I'm not trying to spoil anyone's fun here; by all means if you enjoy decorating for the various holidays, then don't let me stop you. I enjoy decorating for Christmas and having all the pretty lights to look at for a month, but that's where the urge ends for me.

I remember decorating my first apartment. I had fun making it pretty and adding my own touches to create a comfortable home that I enjoyed spending time in. But then came the holidays, and suddenly it appeared that my job wasn't done. I began to wonder, with all the neighbors decorating not just for Christmas, but for Halloween, Easter and Thanksgiving, shouldn't I join in to? So I began to collect a black bat here, and some pumpkins there, but I really didn't enjoy it. Finding these things, putting them out, then storing them just felt like yet another chore to me. It wasn't until I started decluttering a few years ago that I finally gave myself permission to get rid of my paltry collection of Halloween decor and to admit that I didn't like it, nor need to keep or display it.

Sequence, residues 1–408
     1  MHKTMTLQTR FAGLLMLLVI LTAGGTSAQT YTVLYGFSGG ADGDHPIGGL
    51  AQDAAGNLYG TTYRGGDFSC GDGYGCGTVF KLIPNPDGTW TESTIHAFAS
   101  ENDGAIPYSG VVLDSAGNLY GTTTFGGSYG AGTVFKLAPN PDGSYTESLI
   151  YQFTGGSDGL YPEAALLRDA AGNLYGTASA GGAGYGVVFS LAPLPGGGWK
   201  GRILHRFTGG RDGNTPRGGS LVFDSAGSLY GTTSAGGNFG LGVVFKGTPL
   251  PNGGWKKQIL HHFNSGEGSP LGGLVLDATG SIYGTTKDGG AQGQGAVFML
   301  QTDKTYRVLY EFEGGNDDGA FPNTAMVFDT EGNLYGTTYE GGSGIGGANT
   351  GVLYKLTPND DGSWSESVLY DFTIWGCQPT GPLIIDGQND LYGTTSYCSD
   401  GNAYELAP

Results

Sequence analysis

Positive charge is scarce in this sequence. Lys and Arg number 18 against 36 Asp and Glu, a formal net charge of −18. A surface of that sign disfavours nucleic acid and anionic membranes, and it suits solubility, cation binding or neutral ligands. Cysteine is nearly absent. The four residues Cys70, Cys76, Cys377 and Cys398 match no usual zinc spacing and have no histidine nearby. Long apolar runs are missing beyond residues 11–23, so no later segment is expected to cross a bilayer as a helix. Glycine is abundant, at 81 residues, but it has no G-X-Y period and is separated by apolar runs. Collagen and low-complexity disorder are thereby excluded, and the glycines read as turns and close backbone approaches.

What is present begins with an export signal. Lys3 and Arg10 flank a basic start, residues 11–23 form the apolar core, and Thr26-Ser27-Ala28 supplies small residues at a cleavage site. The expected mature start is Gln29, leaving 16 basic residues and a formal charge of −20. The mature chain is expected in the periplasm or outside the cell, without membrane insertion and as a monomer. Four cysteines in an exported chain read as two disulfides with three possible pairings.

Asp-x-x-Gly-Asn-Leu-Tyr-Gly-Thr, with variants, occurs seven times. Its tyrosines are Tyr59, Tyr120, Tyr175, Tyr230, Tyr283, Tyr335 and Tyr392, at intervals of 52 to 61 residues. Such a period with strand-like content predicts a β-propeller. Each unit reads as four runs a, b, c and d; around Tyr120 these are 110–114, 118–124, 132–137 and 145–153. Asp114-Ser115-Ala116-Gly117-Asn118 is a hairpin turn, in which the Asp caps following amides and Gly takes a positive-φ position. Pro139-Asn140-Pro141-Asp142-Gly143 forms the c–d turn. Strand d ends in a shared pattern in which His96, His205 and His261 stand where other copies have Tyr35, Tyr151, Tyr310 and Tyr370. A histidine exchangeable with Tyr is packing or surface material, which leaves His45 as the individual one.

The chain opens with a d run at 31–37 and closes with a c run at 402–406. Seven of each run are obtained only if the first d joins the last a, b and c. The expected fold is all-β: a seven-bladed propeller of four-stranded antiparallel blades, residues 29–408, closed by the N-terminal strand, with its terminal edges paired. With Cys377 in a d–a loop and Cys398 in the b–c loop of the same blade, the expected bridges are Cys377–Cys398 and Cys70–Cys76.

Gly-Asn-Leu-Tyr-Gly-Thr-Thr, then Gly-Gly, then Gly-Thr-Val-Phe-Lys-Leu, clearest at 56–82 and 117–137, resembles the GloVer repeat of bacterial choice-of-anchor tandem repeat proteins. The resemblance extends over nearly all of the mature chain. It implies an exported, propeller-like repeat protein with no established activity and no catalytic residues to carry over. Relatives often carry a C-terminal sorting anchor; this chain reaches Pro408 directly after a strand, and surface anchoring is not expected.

Even after giving up on the manufactured stuff, I still clung to the idea of natural decorations. I bought pumpkins, gourds, Indian corn and the like, but I didn't really enjoy that either. So this year I bought nothing and didn't miss it at all.

That's what minimalism is to me, in a nutshell. Re-examining the way we live, the things we do and the stuff we buy and keep, to make sure it's still working for us. Not for society, not to impress your neighbors, just for us and our families. Letting go of the stuff that isn't working? Totally worth it, I promise.